Too quiet, perhaps. ESPN recently called him the most underrated athlete ever. Fox did not even televise Musial throwing out the first pitch before last year's All-Star Game in St. Louis. A few years back, when Major League Baseball held a fan vote to name its All-Century Team, a special committee had to add Musial because the fans did not vote him as one of the 10 best outfielders ever. Ten! Only Aaron had more total bases. Only Tris Speaker and Pete Rose hit more doubles. Using Bill James's famous formula, only Babe Ruth and Barry Bonds created more runs. Still, Musial did not get America's vote. He is not forgotten, not exactly. It is more this: For most of the nation, Stan the Man is a name that has faded into the great American past like singers wearing tuxedoes, John Wayne movies and kids shooting marbles.
But not in St. Louis. No, here they shout out for Stan Musial. They hold a citywide campaign—Stand for Stan!—to encourage President Obama to award Musial the Presidential Medal of Freedom, something like an American knighthood, a medal that has already been given to Musial contemporaries Aaron, Williams, Joe DiMaggio and Frank Robinson. Fans are encouraged to have their photos taken with a paper Flat Stan the Man, a play off the children's book, Flat Stanley. People meet at the Musial statue in front of the new ballpark; the Musial statue has long been St. Louis's favorite meeting spot, even before it was moved from in front of the old Busch Stadium to the new one. And during spring training this year Cardinals players came back to the clubhouse to find a reading assignment, a story about Musial that manager Tony La Russa had printed out for them to read and discuss.
"To me," La Russa says, "Stan's spirit is very much a part of what we're trying to do here."
There is, perhaps, even a bit of desperation about it all. Stan Musial will turn 90 in November. He appears in public less and less often. And there's a feeling here in St. Louis, an unmistakable feeling, that when we lose Stan the Man Musial, we will lose something precious and wordless and irreplaceable.
There's a feeling here, an unmistakable feeling, that as a nation we already may have lost it.
Stan Musial was never thrown out of a game. This is a pretty remarkable thing if you think about it. He played ball in the majors from 1941 to '63 (with a year spent in the Navy in '45). He changed dramatically in those years; he was the fifth-youngest player in baseball when he began and the third oldest when he walked away. A quick count shows that Musial dealt with at least 40 different home plate umpires—from Augie Donatelli to Ziggy Sears—and he never got one of them on a bad day. Or, more to the point, they never got him on a bad day.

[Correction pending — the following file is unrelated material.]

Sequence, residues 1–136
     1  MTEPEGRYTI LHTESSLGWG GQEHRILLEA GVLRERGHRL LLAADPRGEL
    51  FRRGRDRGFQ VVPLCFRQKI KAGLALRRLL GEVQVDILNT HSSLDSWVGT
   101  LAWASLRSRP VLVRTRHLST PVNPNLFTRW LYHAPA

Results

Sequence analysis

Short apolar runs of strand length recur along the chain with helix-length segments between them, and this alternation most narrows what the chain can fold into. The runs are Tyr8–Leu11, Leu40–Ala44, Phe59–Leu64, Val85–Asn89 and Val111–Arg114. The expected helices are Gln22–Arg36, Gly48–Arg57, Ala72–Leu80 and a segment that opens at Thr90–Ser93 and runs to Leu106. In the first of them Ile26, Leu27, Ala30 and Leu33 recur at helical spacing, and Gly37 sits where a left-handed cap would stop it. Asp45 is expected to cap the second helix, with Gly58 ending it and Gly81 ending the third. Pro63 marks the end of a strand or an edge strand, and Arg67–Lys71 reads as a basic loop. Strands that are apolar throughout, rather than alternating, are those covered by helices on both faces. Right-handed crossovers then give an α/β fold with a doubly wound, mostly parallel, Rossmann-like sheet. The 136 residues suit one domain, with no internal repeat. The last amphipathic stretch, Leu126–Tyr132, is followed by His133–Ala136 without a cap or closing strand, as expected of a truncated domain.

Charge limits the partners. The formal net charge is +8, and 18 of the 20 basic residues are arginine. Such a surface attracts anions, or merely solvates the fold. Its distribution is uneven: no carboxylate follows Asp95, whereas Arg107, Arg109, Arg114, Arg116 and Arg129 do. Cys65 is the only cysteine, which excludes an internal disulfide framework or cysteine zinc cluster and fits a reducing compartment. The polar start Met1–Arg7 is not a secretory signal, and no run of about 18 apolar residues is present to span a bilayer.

There's one Musial story that has been told many different ways ... according to different versions it happened in Brooklyn or Philadelphia; it happened in the top of the ninth or in extra innings. It led to a grand slam or a heroic homer into the lights as in The Natural. The many versions of the story suggest that there were countless other incidents like it in Musial's career. But this is how the story really happened.
It was April 18, 1954, in Chicago. The Cardinals trailed 3--0 in the seventh, and lefty Paul Minner was on the mound. There was a man on first, one out, when Musial smacked a double down the rightfield line. Or, anyway, the Cardinals thought it was a double. Wally Moon, the man on first, ran around the bases to score. Musial stood happily at second. The Cardinals' bench cheered. And apparently nobody noticed that first base umpire Lee Ballanfant had called the ball foul.
No footage of the play remains, of course, so we only get what we can read in the newspaper reports: Apparently the ball was definitively fair. Cardinals players came racing out of the dugout to go after Ballanfant, starting with shortstop Solly Hemus. Donatelli, the crew chief, who was behind home plate (and who apparently realized that Ballanfant had blown the call), threw Hemus out of the game. Cardinals manager Eddie Stanky was right behind. Donatelli threw him out of the game too. Peanuts Lowrey rushed out, and Donatelli was telling him to get back or he would get tossed too. And it was about then that Musial, who apparently was not entirely sure why there was so much commotion, wandered over to Donatelli.
"What happened, Augie?" Musial asked. "It didn't count, huh?" Donatelli nodded and said the ball had been called foul.